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Do mutant alleles result from mutation of the wild type?

The allele that encodes for the most common form of a phenotype in natural population is called a wild type allele and all the rest of the alleles encoding forms other than the wild type are called ...
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What does the gene name “lexA” stand for?

It is an important gene expressed in E. coli that represses the SOS response and also the expression of lambda lytic phase genes. UV light and damage to DNA is responsible for its breakdown and hence ...
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How to calculate relatedness in haplodiploid organisms (mainly full sisters and full brothers)?

I have tried to calculate the relatedness for haplodiploid organisms, but cannot understand the calculations behind full sister and full brother. (taken from Wikipedia: haplodiploidy I have managed ...
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Is there variation of AT/CG ratio along species?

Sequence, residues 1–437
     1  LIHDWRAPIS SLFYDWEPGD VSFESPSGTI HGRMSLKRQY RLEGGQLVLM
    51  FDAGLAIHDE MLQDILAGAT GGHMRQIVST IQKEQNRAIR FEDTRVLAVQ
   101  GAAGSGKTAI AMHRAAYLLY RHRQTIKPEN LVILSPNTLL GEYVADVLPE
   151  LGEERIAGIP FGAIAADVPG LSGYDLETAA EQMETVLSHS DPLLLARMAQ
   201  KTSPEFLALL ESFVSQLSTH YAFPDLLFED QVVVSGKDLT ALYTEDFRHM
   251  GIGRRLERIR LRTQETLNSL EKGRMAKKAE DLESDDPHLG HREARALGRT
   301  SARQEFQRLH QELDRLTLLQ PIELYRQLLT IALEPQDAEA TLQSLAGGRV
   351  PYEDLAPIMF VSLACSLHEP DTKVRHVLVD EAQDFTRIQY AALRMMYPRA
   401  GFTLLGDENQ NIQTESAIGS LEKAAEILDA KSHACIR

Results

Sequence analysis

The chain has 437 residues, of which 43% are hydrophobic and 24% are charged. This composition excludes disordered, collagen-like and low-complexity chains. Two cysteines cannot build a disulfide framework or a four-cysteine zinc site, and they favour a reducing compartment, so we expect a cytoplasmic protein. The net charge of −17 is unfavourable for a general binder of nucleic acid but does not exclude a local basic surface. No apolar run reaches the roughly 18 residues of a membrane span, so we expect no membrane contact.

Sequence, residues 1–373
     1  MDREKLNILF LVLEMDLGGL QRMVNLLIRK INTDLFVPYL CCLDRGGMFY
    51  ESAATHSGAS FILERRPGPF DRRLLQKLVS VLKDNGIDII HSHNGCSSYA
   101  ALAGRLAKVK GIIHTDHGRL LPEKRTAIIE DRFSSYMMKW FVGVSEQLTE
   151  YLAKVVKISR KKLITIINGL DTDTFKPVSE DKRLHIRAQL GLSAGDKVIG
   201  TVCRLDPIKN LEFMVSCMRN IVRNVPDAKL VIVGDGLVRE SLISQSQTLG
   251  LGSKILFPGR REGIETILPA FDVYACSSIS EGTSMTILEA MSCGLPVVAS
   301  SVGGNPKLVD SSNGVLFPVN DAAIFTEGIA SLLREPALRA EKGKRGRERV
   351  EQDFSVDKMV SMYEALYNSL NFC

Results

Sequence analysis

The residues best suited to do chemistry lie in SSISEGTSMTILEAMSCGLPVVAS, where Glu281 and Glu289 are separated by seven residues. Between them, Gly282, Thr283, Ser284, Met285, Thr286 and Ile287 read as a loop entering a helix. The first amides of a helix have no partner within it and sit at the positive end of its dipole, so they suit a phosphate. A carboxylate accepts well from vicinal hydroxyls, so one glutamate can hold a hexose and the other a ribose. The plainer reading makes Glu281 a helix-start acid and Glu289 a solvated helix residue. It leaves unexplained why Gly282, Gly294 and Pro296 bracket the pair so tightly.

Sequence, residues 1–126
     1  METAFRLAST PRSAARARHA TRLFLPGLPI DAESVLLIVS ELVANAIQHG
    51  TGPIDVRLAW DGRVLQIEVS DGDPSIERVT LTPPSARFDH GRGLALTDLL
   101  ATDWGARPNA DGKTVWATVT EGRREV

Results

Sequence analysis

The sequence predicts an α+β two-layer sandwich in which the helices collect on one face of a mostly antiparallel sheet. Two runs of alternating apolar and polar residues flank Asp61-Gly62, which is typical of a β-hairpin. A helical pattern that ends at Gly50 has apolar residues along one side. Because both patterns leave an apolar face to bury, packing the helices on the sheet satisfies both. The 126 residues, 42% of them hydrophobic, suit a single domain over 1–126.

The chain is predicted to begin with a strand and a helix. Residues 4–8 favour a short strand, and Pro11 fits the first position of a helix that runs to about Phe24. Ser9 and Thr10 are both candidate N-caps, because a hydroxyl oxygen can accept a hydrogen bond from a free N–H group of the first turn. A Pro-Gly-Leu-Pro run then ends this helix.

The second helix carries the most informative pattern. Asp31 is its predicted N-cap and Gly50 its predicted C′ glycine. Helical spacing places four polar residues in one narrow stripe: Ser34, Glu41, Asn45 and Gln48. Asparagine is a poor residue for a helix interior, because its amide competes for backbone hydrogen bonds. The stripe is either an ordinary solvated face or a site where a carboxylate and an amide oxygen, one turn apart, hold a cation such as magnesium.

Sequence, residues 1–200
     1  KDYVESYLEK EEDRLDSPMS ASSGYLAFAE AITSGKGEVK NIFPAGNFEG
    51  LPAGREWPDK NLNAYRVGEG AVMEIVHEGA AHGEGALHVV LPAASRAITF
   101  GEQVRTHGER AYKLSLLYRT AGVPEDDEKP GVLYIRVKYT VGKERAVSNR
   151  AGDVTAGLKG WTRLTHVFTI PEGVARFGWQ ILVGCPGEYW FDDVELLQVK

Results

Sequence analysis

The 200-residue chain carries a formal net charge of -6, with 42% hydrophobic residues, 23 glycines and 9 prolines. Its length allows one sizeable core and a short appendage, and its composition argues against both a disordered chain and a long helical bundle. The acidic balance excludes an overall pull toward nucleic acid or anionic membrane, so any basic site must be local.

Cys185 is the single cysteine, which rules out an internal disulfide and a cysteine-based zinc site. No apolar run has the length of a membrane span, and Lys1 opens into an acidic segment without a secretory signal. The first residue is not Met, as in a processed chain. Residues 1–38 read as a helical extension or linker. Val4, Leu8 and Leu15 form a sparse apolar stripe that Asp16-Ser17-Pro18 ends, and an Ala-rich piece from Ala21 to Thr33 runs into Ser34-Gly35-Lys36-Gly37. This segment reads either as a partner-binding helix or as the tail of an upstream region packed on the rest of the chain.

Chargaff's rules say that the number of Adenine of the number of Thymine in a genome are equal (nA=nT) and similarly nC=nG. This makes obvious sense knowing that C binds to G and A to T. But what ...
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What hair color will result in someone inheriting both blond and ginger genes?

Both the genes for blond hair and ginger hair are recessive, so they need both parents to give the same gene for it to take affect. What happens when a person has 1 copy of a recessive gene and ...
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Question about proto-oncogenes and oncogenes?

My textbook says: Growth-promoting genes are called proto-oncogenes. Some can be changed into oncogenes by a point mutation that alters the ability of the proto-oncogene to be switched off. They ...